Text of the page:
Recently my students complained to me that I was not on Blackboard. There is no shell for my course. When they asked me why there isn’t, much to my horror, I lied to them and told them it was because the IT dept was having problems setting it up. The reason my class does not have a Blackboard shell is because the dept does not want to give me one–I am an adjunct. I am ONLY paid for the time I spend in the walls of my classroom. I am not paid one single dime for prep/grading papers/answering student emails/calls–NOTHING. The Dept knew very very well that IF they created this “shell” the time I spend posting to my class would be completely and entirely UNPAID time and it is. The students continued to complain about this or that missing from Blackboard so I told them–the truth. That because of CA State Law, I am forced to teach at more than one college. That my income is so low that I also work and try to run a small business. That I get no health benefits and that ANY time, even a second I spend on the class outside of the walls of the classroom are completely unpaid and it’s tough to post study materials for my class at midnight or 5 a.m. I am too tired.

    Besides the fact that we are being exploited, we are doing the greatest injustice to our students. We are LYING or more apt, well-paid administrators of colleges are forcing us into–lying to our students. I will no longer lie to them. I have told them everything. I have turned them on to these and other websites because if we care about our students, we have to care about this issue. We make a mockery of ourselves, our profession, but also of these mostly young people who are starting out their young lives…and being taught by institutions that deceive them. Talk to your students.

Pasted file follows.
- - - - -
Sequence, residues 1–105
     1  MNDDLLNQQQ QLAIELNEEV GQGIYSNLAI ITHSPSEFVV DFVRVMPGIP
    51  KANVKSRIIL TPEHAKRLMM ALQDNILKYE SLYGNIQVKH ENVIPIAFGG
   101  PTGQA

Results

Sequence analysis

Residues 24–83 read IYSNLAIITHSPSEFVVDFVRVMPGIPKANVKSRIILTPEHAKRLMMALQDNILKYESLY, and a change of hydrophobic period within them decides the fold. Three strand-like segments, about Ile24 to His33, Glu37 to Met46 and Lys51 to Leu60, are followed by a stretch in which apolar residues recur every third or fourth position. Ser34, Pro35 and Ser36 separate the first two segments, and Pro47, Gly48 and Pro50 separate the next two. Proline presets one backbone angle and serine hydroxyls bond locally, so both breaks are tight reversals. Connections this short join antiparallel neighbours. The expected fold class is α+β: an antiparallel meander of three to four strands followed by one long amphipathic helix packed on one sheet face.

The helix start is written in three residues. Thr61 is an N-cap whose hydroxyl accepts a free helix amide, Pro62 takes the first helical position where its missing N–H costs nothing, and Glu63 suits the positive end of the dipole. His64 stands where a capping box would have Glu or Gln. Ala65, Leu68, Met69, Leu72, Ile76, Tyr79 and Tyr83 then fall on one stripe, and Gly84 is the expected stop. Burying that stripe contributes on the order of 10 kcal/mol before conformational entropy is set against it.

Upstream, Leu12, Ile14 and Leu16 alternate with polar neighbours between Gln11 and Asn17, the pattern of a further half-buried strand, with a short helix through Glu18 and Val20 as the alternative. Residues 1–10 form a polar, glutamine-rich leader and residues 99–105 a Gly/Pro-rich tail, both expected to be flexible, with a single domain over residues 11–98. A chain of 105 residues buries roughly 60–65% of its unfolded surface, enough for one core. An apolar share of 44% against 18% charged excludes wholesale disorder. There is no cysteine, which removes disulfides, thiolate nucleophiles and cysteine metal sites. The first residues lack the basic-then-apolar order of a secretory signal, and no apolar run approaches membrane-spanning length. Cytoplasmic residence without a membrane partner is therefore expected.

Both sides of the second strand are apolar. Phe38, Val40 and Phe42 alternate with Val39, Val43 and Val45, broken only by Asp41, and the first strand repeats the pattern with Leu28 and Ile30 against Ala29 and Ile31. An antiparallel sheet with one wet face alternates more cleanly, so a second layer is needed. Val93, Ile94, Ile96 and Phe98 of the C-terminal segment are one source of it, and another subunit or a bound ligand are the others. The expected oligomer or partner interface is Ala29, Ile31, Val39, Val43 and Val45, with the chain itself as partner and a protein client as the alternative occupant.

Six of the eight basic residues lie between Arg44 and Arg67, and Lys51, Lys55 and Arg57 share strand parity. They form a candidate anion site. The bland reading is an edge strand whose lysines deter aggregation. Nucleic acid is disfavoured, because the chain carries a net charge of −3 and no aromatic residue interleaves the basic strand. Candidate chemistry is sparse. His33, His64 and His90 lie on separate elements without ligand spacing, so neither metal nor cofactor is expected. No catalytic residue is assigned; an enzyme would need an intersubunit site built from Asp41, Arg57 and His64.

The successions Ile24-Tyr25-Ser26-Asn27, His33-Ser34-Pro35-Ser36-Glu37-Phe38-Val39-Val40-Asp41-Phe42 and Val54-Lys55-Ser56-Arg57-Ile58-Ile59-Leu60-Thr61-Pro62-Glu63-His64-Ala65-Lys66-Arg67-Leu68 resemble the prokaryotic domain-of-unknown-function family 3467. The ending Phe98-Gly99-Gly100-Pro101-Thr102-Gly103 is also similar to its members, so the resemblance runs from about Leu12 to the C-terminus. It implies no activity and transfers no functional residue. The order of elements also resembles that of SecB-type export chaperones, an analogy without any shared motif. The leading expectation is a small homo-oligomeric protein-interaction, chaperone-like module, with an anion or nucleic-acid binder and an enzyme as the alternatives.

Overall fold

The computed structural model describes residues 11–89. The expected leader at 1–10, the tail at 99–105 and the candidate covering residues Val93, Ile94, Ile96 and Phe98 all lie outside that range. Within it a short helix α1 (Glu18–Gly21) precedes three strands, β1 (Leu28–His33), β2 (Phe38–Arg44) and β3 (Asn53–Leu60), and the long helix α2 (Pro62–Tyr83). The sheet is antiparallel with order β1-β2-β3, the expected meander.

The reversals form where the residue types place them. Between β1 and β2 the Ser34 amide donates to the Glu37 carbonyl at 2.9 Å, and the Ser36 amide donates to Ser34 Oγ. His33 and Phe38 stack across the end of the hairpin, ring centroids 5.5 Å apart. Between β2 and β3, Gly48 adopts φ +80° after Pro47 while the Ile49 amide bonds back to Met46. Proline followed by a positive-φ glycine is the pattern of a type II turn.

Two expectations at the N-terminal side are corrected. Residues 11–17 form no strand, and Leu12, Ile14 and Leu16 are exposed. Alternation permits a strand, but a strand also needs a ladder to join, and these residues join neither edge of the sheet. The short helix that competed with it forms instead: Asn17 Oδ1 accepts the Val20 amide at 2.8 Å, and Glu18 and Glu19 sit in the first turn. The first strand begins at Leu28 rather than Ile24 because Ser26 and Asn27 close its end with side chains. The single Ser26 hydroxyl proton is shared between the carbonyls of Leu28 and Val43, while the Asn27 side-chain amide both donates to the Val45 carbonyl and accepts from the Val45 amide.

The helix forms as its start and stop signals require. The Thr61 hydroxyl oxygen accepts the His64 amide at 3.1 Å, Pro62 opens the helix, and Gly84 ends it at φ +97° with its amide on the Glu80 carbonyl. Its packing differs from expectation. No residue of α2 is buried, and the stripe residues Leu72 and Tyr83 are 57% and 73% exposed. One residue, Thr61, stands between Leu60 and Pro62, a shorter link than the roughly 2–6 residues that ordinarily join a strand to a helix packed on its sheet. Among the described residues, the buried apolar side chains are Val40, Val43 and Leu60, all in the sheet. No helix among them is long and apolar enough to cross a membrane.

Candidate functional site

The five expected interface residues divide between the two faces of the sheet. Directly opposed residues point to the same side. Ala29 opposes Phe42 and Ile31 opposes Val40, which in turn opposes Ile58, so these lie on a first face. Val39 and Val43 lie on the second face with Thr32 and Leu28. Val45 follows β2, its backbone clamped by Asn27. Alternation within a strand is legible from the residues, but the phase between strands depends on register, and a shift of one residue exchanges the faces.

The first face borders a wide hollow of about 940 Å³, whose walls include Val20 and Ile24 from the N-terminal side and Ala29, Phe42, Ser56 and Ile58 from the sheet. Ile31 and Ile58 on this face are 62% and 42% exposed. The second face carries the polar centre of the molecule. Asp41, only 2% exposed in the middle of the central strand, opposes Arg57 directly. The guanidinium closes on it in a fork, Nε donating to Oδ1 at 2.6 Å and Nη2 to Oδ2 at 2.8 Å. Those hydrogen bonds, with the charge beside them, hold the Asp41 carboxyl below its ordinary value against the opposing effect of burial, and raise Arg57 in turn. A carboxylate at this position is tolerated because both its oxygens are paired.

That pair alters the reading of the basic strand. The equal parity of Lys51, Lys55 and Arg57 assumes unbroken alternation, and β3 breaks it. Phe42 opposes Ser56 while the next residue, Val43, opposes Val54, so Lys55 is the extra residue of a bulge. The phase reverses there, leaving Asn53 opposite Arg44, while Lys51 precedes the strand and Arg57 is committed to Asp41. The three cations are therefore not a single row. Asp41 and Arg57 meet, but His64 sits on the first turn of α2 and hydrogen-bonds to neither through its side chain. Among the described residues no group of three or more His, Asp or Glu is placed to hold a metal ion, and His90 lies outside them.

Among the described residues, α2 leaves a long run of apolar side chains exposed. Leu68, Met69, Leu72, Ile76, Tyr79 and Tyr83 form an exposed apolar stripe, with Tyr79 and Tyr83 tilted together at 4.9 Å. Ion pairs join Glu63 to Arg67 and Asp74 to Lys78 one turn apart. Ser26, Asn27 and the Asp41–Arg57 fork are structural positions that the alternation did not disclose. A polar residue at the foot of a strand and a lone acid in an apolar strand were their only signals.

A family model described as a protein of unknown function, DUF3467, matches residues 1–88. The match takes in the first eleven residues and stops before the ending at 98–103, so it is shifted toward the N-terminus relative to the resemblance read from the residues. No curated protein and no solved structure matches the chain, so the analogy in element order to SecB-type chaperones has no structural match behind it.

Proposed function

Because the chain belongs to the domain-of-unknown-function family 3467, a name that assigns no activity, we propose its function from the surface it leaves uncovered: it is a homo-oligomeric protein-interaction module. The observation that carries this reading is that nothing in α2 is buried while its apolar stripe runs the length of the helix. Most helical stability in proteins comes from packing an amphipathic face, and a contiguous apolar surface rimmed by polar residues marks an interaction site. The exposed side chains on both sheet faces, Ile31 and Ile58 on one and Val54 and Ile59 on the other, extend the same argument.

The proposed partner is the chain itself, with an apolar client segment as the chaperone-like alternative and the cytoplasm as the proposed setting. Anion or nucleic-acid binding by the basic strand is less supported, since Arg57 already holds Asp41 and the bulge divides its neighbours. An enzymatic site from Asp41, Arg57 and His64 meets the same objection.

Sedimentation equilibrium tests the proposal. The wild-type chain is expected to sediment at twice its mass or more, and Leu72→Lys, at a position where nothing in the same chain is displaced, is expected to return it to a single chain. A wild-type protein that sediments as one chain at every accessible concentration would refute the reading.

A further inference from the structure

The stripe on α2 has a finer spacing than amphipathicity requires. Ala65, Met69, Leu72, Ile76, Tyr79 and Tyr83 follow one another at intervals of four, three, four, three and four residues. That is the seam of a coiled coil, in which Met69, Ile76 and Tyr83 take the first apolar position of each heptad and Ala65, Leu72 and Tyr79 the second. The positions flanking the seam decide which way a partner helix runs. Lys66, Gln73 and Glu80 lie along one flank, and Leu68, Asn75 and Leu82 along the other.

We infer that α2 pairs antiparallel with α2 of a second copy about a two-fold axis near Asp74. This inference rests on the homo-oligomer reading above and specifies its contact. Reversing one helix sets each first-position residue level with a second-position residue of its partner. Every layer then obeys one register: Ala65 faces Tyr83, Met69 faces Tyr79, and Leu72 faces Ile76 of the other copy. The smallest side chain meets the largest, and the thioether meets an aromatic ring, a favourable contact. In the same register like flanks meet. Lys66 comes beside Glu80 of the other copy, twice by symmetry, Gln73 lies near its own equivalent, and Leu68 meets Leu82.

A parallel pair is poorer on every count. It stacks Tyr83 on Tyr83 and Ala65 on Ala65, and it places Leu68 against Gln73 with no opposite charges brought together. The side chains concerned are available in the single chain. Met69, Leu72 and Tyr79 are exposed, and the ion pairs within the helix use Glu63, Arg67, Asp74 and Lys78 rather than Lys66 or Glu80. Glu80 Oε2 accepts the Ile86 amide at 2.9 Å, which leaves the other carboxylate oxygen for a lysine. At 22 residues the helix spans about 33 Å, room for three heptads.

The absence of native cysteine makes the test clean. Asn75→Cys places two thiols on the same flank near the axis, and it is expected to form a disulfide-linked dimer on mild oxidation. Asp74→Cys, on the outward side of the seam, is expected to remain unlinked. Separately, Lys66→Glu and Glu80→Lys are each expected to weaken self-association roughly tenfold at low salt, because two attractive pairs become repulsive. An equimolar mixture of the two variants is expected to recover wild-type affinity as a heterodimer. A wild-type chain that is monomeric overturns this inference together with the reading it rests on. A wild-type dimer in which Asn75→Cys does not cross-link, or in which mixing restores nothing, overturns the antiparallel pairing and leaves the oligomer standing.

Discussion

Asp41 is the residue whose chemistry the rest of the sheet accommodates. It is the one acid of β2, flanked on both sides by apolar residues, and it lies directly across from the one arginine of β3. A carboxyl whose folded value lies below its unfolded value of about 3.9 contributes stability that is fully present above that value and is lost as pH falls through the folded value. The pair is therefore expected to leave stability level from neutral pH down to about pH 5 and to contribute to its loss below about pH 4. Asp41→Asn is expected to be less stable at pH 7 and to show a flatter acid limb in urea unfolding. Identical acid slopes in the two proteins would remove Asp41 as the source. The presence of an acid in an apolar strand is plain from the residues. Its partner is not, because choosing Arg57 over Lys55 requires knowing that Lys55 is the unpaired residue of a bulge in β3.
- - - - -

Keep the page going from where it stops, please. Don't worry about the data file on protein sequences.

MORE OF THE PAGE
One thing they all say to me over and over is: “aren’t there labor laws?” “Why is this even legal under labor laws?” They get it folks. Why don’t we?

  2. Most of my students are shocked at how little is spent on their instructors. Even those who know something of adjuncts don’t know how little the university cares about who is teaching their classes. This is why I’ve stopped pretending when I teach. I believe firmly in earth science (and most) education, and I want to keep being involved, but I am convinced more and more that the only way the situation will change is if the people paying the bills (students and their parents) start getting angry.

  3. Ms. B says:

    You are so right. As so many others have said, we need national walk-out/strike and by the way, unions, at least in CA, have been around for decades now and nothing much has changed. I do know they take dues out of paycheck every month…for what? Plus, I’m an adjunct! I may be a member of THAT union on a temporary basis only…until there is a national walk-out and the (what is it now) 75% of adjuncts that teach our students across this nation walk off the “job”, media, parents, students, etc. will not get it. ( And what will they do to us? Fire us? HA HA HA. We’re ADJUNCTS! Go ahead! I make more money on unemployment anyway!).